LinkedIn has more than 850 million members in more than 200 countries and territories worldwide*.
Quite simply, it’s where it’s at for B2B social media marketing – LinkedIn is 277% more effective at generating leads than Facebook and Twitter.**
But how can you make the most of the lead generation opportunities LinkedIn has to offer? Here are the three levels of activity we know make a difference.
Your first step is to make sure you have a company page. Then, you need to be active on it. Share company updates and post your job vacancies on there. Invite relevant connections to follow the page so you can start to build your community.
An active company page isn’t just good for brand awareness on LinkedIn either, it will also boost your visibility in search engines.
Once you’ve got your company page working for you, it’s time to get your employees’ profiles working for you too.
Encourage customer-facing employees to make sure their LinkedIn profiles are up-to-date. From a company brand awareness point of view, these are the key points to remember:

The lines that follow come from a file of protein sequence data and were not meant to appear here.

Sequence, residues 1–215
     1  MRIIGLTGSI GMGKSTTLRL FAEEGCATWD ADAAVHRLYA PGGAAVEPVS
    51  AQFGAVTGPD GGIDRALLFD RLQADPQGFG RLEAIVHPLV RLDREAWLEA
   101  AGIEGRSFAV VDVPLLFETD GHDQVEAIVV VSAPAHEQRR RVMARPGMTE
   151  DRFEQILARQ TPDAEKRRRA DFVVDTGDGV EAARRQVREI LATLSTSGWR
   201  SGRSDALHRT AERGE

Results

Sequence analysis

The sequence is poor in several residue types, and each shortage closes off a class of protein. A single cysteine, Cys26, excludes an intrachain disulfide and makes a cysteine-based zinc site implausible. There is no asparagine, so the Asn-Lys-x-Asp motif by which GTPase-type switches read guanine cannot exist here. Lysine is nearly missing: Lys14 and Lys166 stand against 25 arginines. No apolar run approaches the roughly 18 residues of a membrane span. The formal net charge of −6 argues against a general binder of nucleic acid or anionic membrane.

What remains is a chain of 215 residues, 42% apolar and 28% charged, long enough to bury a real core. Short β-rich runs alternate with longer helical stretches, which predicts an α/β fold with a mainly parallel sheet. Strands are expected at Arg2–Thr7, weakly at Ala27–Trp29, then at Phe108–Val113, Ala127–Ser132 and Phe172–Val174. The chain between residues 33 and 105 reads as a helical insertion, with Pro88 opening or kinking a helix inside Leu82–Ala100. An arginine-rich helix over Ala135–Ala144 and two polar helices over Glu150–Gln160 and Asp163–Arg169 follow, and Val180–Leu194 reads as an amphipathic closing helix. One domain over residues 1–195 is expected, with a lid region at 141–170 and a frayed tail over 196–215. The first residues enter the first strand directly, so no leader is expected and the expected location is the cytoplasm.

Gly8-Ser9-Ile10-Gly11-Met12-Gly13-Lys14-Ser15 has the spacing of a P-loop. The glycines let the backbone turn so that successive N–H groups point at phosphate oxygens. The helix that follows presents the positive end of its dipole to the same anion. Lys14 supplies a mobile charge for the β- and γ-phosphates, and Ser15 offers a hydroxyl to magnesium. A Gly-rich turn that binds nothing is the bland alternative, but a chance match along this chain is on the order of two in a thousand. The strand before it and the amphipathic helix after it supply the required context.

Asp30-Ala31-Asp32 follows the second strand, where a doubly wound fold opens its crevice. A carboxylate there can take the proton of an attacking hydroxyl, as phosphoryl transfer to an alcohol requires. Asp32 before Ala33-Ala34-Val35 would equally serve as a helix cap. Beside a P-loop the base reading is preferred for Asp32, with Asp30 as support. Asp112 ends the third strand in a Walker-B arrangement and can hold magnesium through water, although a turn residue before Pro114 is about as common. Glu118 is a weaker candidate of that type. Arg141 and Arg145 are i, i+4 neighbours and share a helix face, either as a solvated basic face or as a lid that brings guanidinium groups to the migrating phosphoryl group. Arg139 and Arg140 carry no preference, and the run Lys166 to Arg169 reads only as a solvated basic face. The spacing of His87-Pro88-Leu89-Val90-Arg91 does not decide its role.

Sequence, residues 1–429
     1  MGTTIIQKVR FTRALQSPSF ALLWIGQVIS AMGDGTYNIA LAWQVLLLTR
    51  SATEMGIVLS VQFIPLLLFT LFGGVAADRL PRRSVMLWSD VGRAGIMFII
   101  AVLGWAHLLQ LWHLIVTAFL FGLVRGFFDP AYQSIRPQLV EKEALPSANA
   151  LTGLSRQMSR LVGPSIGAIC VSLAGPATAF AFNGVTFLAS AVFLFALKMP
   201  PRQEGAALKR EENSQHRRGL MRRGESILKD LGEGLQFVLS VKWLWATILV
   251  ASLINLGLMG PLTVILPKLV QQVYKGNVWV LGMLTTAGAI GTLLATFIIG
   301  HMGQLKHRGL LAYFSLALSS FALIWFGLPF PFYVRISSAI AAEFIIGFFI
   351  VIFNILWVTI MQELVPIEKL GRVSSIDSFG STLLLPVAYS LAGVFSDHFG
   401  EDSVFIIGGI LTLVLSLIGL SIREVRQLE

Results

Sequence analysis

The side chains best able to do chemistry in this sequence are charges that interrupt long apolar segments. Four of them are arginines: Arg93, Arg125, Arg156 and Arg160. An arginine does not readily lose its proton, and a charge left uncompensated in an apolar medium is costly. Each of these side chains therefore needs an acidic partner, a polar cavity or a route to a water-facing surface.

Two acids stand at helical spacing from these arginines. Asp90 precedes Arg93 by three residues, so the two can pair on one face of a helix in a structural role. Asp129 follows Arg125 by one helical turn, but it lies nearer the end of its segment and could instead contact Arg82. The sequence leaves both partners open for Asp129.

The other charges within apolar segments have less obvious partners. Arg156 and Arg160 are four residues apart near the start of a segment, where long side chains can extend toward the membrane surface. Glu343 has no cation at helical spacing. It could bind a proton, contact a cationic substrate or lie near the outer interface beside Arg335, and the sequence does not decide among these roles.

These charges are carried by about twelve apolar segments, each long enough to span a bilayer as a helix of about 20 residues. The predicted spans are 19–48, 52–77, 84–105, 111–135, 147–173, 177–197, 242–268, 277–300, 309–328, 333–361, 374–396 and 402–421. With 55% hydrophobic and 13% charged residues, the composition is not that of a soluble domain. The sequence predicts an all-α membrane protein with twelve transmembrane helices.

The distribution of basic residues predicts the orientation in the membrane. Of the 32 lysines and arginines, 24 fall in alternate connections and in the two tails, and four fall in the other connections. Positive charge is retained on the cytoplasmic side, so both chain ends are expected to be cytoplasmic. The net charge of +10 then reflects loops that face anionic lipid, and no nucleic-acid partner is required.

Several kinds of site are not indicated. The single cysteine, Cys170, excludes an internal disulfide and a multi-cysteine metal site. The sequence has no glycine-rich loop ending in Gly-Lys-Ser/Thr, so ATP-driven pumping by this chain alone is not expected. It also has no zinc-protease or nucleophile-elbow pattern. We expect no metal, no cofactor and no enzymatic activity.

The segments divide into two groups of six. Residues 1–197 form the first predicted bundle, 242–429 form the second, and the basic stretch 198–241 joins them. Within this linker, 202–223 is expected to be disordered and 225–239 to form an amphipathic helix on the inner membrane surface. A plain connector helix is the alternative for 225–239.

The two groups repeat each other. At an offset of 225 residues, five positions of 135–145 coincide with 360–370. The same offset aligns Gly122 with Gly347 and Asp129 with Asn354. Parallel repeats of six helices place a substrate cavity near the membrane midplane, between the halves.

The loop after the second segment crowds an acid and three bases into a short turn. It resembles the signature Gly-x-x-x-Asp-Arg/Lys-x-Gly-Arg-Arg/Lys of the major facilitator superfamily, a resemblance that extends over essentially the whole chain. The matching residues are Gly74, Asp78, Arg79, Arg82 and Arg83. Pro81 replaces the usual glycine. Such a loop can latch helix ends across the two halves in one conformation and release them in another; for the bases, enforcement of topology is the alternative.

When customer-facing employees’ profiles are up-to-scratch, they’re in a good position to start prospecting.
Quality and quantity are the key words. Quantity provides a wider third-line reach. Quality provides better business relationships.
For quality connections, you need to know:
You can use these insights to search for people (using the search box, which is on the top left hand side of the desktop version, or there’s LinkedIn Sales Navigator if you are happy to pay for a more detailed search and prospecting tool). When you ask to connect with someone, always include a short, friendly, non-sales-y message. Explain how you’re connected (if you are) or what they’ll gain from connecting with you.
LinkedIn Groups offer opportunities to strengthen connections with like-minded individuals in exclusive forums. Consider joining and being active in:
Ultimately, it’s important to show up and be active on LinkedIn, but always remember that LinkedIn only opens the door – normal sales follow-up rules still apply. Avoid sales pitches or advertising. Instead, focus on open questions, asking people for their opinion or offering insight, information or advice. When you do this, you’re in the best possible position to leverage what LinkedIn has to offer.
This blog post started life as a much more in-depth workshop we deliver to clients and their teams. If you think your company would benefit from training like this, get in touch.